Client involvement is another important contribution to the recipe for investment team success. We encourage our clients to be involved to the extent that they are informed and knowledgeable about our approach and the reasons actions are being taken. To this end, we encourage our clients to read this commentary every quarter and to meet with us annually to gain a better appreciation for the work performed, which underlies the moves being made. Without this understanding, it is human nature for the client to over-emphasize short-term performance, which is never a good idea. It is easy for an uninvolved client to cut and run when short-term performance has not been good, or to get overly enthused when short-term performance has been good. To repeat, overreaction to short-term performance often results in the client making the wrong move at the wrong time, exactly the finding of the aforementioned Dalbar study.
Communication, while similar to client involvement, is different in that it involves sufficiently keeping us informed about changes or events that might impact investment objectives or investment actions. A good example might be a change in a client’s liquidity needs or tax status. Additionally, we encourage our clients to ask questions if an action taken in the portfolio or some other aspect of the relationship seems to run counter to what was expected. We believe those types of questions are best addressed as soon as possible, and we ask our clients not to delay in addressing them with us. We strive to excel in our communication with our clients, as this is one aspect of our work that we can control. However, we need updates, feedback and questions from our clients so that a two-way communication process will lead to a successful long-term relationship.
To a certain degree, the trust our clients place in us and our work is earned over time. However, we recognize that hiring a portfolio manager takes a certain leap of faith on the front-end. That leap of faith is usually based on our reputation, our historical results and through face to face interviews. We recognize that this leap of faith is no small thing, because we ask every client to give us a handshake agreement (not a legal agreement) that they will give us a minimum of five years before making a judgment about our work. We believe this is the bare minimum amount of time for making such a decision and the first data point at which performance information becomes meaningful. We do this to give our clients (and us) the highest probability for success. Also on the front end, our business model assures that the client’s assets can only be controlled by the client through their third party custodian. Our limited power of attorney extends only to making securities transactions within the account. We cannot move our clients’ assets. Additionally, we make every effort to make sure that our clients understand our advisory fee and billing structure and how fees are calculated. The financial industry is mostly one that goes to great lengths to obfuscate fees, and in so doing has generated a great amount of distrust. We want our clients to have a clear understanding of the fees they are paying, right down to the penny.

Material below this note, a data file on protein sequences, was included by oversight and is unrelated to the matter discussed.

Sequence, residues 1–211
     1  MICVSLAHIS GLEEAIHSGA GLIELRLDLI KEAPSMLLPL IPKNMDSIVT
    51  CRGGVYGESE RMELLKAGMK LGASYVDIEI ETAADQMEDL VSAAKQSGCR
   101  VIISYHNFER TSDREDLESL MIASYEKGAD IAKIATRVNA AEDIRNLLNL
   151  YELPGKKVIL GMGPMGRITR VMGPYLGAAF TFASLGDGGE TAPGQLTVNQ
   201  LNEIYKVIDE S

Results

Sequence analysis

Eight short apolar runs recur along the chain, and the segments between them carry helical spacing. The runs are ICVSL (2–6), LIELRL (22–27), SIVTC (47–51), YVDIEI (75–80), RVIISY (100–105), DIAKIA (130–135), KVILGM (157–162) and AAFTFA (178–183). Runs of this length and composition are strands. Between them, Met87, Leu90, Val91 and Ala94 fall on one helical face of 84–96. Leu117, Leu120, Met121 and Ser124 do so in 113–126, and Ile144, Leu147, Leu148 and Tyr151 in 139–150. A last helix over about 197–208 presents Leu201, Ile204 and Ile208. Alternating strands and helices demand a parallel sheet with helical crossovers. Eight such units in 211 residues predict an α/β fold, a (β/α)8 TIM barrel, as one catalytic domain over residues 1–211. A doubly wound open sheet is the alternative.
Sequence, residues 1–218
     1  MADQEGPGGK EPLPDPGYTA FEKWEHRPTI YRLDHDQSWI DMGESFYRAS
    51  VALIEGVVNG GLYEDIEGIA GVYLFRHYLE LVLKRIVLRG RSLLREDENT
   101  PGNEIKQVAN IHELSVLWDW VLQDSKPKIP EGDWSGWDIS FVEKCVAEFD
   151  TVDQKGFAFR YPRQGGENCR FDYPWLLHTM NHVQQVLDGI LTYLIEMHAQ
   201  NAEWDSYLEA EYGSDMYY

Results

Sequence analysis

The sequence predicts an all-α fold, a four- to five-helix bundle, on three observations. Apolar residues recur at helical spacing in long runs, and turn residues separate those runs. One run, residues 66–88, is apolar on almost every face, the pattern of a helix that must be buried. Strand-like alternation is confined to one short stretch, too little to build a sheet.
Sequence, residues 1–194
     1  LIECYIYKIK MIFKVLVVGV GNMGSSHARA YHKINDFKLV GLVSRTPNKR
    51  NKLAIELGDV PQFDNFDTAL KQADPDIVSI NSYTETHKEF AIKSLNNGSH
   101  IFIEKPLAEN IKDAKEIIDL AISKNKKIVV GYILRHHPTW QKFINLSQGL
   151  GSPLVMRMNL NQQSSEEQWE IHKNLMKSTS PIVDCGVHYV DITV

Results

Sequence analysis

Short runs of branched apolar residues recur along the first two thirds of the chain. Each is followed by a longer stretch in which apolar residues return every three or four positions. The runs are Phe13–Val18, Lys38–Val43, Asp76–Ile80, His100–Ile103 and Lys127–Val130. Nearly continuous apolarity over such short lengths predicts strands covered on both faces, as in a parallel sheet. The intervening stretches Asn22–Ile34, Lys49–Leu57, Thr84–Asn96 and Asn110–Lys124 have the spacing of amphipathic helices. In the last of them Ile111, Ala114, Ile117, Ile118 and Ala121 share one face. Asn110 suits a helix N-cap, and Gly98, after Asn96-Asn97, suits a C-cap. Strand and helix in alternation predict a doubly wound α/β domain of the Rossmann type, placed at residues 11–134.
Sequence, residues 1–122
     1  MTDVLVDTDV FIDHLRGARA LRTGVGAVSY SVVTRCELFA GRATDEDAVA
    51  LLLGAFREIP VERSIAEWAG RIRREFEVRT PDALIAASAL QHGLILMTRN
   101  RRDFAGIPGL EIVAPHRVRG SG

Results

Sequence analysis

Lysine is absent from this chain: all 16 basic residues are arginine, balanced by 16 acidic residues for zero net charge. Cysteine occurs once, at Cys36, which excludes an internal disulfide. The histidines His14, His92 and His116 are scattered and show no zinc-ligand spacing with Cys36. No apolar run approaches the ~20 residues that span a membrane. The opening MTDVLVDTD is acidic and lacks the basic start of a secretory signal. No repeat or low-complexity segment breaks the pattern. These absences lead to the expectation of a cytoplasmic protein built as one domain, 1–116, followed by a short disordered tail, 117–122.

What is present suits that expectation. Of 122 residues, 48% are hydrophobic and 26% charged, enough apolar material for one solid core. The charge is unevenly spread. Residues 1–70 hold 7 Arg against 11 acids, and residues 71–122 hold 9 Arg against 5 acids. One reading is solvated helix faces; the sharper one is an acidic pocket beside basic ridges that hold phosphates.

As our relationships with our clients mature, hopefully they begin to understand and appreciate the work that is going into the management of their assets. We strive to improve every day, and hopefully over time, our clients notice our efforts. An important part of this striving for continuous improvement is laying the groundwork for taking our investment discipline into its third generation. We believe we have assembled a very strong team of value investors that will benefit our clients for several decades to come.
Without the key ingredients of patience, involvement, communication and trust from our clients, we and our clients would not have enjoyed the long-term success we have been so fortunate to realize. Success in achieving investment objectives requires teamwork. There is no “I” in team!
The Trump Rally